The concept of sustainability — using resources efficiently and protecting the natural world — is essential to effective landscape design. Creating outdoor spaces that serve human beings and also support a thriving environment involves careful consideration of plants, soil, and hardscaping elements. A healthy landscape is an extension of nature, blending best ecological practices with individualized style.
Simple as it might sound, the saying “right plant, right place” is vital in landscape design. Plants must have the correct “cultural requirements” for their type, e.g., solar exposure, water needs, and soil composition (dry, wet, etc.). A plant’s size at full maturity is another important consideration, as constant pruning puts plants’ health at risk and also comes with a higher carbon footprint. California native plants, as well as edible plants, are great landscape choices because their adaptation to the regions of the state makes them resilient, and they require fewer inputs such as water, fertilizers, and pesticides than other plants typically do. California native plants also provide a habitat for native birds and insects. Edible and productive landscaping includes growing vegetables, herbs, flowers for cutting, and more.
In California, landscaping accounts for fifty percent of domestic water use. Efficiently irrigated properties save a lot of water and still provide beautiful settings. Rainwater can be stored in the soil for months if it is directed from roof gutters to the garden, and when plants with low water needs are used in conjunction with rainwater kept on-site, it is possible to get by without any added irrigation. If irrigation is required, then system efficiency must be maximized. Drip lines and multi-trajectory rotating spray heads reduce runoff and water loss from evaporation, and learning to properly program one’s system allows optimal water run times for changing seasons and weather conditions.
Healthy soil, rich in biodiversity, is the backbone of a landscape. Whether sand, silt, or clay, the greater the biodiversity in one’s soil, the better one’s plants will perform. Pesticides, herbicides, and synthetic fertilizers all reduce the biota in soil, whereas compost, composted manures, and worm castings all increase biodiversity. Mulch helps create and maintain healthy soil. Carbon-based mulches such as wood chips, leaf litter, and straw serve as food to the soil biota and also retain water and reduce weeds. Having biodiverse soil and using mulch is one of the primary ways that carbon is sequestered from the atmosphere. Healthy soil and mulching also works to feed plants and strengthen plants’ natural defense systems, reducing the need for external inputs.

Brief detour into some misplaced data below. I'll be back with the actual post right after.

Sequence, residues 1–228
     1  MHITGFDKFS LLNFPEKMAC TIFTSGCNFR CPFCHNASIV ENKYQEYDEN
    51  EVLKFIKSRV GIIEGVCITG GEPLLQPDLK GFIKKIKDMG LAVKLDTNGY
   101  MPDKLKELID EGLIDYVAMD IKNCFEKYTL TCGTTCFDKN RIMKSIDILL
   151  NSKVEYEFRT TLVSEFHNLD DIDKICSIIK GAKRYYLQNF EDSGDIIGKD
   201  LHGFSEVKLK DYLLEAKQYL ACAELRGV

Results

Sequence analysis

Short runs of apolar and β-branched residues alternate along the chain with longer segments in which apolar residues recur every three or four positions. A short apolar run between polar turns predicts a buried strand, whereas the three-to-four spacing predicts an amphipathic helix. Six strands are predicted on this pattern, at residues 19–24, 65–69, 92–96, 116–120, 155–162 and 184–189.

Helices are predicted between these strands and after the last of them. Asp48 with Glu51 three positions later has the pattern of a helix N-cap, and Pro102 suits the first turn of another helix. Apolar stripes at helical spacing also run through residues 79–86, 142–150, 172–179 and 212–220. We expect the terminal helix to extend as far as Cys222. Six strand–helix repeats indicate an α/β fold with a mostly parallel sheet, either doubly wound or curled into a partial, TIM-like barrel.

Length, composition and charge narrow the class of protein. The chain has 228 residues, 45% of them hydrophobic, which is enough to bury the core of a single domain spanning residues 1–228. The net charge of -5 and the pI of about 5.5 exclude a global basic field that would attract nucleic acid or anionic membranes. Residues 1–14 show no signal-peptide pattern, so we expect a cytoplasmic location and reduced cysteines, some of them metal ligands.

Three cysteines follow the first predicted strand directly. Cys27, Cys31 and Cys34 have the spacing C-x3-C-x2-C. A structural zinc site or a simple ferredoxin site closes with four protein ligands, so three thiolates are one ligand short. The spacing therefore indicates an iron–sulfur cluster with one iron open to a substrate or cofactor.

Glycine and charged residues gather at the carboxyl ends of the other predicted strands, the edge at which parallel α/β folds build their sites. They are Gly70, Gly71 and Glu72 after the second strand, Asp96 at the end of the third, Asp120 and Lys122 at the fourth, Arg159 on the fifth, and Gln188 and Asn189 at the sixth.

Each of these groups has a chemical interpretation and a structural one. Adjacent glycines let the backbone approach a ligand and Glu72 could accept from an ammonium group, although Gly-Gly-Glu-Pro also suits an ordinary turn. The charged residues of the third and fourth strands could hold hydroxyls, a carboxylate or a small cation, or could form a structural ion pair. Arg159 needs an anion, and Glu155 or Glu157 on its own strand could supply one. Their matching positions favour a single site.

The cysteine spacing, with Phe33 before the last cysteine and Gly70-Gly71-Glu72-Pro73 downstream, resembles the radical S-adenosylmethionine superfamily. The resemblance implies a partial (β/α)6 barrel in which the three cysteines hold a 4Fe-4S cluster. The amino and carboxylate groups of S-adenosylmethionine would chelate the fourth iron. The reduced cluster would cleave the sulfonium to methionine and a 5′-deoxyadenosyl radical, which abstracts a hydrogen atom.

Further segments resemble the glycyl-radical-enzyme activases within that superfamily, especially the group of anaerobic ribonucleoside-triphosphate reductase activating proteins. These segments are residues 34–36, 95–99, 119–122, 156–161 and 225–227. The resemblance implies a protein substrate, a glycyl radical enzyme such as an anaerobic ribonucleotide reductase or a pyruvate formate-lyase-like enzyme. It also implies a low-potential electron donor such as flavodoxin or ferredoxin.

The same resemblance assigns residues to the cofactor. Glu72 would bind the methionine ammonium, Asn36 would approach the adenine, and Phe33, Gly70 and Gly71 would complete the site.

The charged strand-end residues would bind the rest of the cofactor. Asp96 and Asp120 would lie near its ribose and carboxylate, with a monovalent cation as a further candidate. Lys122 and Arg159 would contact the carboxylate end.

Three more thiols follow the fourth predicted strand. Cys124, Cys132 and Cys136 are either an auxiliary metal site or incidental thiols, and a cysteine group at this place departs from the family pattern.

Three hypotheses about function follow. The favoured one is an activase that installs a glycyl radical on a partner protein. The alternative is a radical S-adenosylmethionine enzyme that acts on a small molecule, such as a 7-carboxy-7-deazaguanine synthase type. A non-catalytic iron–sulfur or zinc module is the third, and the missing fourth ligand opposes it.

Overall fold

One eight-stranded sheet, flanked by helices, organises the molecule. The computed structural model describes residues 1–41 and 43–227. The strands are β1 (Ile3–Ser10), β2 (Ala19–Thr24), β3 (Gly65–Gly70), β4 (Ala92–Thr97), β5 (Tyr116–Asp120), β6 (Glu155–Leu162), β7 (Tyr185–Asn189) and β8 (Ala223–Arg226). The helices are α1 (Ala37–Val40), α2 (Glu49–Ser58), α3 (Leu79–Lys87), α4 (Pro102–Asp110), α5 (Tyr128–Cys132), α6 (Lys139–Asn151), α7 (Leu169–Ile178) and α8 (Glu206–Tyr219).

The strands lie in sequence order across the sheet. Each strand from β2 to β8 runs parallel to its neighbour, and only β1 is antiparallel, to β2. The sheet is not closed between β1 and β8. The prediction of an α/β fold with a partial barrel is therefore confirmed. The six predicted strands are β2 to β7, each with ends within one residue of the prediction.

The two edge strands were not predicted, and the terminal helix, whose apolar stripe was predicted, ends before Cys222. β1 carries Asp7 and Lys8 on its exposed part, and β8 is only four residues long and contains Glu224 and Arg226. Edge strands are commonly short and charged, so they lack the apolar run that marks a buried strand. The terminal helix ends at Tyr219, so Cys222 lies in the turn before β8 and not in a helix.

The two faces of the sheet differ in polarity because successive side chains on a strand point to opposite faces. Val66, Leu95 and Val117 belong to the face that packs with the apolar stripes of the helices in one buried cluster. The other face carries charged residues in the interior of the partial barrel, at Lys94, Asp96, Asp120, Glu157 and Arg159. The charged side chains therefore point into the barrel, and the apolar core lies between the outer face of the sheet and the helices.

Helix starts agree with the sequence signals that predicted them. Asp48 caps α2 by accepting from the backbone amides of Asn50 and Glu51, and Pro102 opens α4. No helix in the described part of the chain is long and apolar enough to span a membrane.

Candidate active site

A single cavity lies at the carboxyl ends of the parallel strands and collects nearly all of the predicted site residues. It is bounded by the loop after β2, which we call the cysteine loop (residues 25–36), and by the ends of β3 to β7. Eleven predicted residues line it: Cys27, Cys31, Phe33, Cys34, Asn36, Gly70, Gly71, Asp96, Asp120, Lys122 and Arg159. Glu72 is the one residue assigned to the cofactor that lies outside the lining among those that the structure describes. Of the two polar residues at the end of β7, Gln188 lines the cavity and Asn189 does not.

Hardscaping includes paths, patios, walls, retaining walls, and fencing — all the elements built in the landscape that are not plants. When considering flat work such as paths and patios, it is important to think about percolation. Materials like gravel, un-mortared flagstone, and pavers keep precious water out of storm drains and allow it to be absorbed into the soil. It is important to be aware of the ecological implications of the materials one uses in hardscaping. Local materials, as well as repurposed materials, make great options.
Once one understands plants, water, soil, and hardscape, the work of putting it all together to create a practical and aesthetically pleasing landscape begins. Consider the ways the garden will be used and the constraints that may exist on the property. Will the landscape be for children, or for hosting large parties? Is privacy needed? Are there views to be accentuated or downplayed? Finally, one’s landscape style should ideally blend with the architecture of existing structures to create a beautiful space that is beneficial to human, plant, and animal life.